Scientists have managed to bend light for the first time to improve wavelength conversion

Scientists from the United States have developed a new solution to improve the efficiency of wavelength conversion. To do this, they used an undesirable but natural phenomenon – the surface state of a semiconductor.

Researchers at the University of California have developed a more efficient way to convert light from one wavelength to another, which opens up opportunities for improving the performance of imaging, sensing, and communication systems. A team of experts presented a solution to improve the efficiency of wavelength conversion by studying an undesirable but natural phenomenon – the surface state of a semiconductor.

These conditions occur when surface atoms have insufficient number of other atoms with which they can bind, resulting in a disruption of the atomic structure. These incomplete chemical bonds create barriers to electrical charges passing through semiconductor devices and affect their performance.

“There have been many attempts to suppress the effect of surface states in semiconductor devices, not realizing that they have unique electrochemical properties that can provide unprecedented device functionality,” the scientists noted.

“Thanks to the new structure, wavelength conversion occurs easily and without an additional source of energy when the incoming light crosses the field,” the scientists note.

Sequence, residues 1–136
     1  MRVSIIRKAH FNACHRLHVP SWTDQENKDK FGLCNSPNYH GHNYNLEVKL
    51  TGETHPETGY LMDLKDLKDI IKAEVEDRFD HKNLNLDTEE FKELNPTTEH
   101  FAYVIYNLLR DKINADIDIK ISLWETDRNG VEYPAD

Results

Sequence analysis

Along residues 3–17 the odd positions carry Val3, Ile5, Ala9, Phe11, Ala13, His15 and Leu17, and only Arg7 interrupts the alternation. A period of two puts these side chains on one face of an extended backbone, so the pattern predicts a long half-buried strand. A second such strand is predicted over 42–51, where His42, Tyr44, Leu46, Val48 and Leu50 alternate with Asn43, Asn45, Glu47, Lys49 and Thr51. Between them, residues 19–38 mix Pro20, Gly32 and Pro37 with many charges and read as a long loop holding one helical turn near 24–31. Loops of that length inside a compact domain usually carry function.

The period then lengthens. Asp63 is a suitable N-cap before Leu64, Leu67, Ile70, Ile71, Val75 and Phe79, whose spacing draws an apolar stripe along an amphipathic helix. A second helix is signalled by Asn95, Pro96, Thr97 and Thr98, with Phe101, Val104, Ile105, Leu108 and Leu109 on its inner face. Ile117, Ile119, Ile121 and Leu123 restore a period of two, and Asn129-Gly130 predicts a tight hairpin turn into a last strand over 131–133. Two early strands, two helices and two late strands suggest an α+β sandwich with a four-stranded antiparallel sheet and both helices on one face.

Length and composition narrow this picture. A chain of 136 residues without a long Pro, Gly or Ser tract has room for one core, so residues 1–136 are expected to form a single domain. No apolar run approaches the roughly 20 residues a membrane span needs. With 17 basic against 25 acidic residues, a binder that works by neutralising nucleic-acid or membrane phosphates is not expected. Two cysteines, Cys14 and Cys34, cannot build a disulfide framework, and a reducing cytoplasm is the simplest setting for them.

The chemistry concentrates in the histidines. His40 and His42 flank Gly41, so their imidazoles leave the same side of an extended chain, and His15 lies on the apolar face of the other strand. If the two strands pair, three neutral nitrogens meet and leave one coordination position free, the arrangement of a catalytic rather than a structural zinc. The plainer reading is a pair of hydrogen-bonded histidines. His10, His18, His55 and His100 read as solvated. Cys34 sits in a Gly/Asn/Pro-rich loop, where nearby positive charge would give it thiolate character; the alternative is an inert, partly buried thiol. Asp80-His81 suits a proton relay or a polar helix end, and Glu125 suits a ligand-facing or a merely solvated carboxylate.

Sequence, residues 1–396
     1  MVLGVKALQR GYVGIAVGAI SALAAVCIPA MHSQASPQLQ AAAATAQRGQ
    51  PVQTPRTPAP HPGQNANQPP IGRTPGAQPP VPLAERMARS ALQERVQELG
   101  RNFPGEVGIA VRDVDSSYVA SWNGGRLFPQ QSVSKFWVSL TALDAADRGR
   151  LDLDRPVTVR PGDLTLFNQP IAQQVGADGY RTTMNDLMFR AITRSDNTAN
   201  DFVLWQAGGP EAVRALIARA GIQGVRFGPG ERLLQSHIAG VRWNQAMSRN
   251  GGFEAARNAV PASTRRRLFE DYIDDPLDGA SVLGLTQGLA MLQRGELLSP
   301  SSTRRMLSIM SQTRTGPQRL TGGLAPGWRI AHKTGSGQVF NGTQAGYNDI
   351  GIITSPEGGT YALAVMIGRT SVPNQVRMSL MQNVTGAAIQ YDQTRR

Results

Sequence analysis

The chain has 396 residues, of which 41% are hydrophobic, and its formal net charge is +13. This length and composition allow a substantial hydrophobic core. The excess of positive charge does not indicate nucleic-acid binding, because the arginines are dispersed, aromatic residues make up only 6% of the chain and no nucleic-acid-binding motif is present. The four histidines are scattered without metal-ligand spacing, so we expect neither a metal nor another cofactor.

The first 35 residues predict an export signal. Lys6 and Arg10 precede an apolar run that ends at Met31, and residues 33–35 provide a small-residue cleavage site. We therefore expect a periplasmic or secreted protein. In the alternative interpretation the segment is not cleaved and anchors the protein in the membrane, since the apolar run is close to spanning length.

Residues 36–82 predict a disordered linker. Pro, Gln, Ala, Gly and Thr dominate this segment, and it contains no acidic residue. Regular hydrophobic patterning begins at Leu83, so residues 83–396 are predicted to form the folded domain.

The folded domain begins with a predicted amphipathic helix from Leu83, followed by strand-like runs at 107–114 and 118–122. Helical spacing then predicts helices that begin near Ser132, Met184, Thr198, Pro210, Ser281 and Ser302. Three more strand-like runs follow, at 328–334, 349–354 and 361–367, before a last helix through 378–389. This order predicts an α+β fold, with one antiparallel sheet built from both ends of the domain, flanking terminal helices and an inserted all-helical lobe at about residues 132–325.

The researchers successfully and efficiently converted a beam of light with a wavelength of 1,550 nanometers to the terahertz part of the spectrum with wavelengths ranging from 100 micrometers to 1 millimeter. The team demonstrated the efficiency of wavelength conversion by incorporating new technology into an endoscopic probe that can be used for detailed imaging and in-vivo spectroscopy using terahertz waves.

Without this method of wavelength conversion, obtaining the same terahertz waves would require 100 times more optical power, which cannot be provided by the thin optical fibers used in an endoscopic probe.

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Alexandr Ivanov earned his Licentiate Engineer in Systems and Computer Engineering from the Free International University of Moldova. Since 2013, Alexandr has been working as a freelance web programmer.
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Alexandr Ivanov

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